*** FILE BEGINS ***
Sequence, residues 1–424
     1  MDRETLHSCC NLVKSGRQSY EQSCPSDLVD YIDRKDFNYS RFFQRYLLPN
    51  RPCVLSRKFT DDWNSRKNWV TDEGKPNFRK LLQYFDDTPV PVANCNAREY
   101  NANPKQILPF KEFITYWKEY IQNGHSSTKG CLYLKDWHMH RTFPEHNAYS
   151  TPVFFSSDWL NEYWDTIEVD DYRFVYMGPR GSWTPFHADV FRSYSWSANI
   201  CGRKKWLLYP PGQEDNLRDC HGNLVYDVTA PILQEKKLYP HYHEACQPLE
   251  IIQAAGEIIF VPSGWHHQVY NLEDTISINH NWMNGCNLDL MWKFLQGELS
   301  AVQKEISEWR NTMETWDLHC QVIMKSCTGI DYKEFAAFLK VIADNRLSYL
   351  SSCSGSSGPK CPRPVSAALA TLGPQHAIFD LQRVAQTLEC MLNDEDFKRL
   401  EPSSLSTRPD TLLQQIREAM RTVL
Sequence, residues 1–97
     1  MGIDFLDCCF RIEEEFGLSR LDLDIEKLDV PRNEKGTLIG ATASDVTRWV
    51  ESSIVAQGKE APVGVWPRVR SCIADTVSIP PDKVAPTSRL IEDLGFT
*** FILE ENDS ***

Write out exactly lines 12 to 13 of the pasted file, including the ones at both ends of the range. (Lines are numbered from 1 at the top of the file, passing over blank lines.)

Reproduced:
     1  MGIDFLDCCF RIEEEFGLSR LDLDIEKLDV PRNEKGTLIG ATASDVTRWV
    51  ESSIVAQGKE APVGVWPRVR SCIADTVSIP PDKVAPTSRL IEDLGFT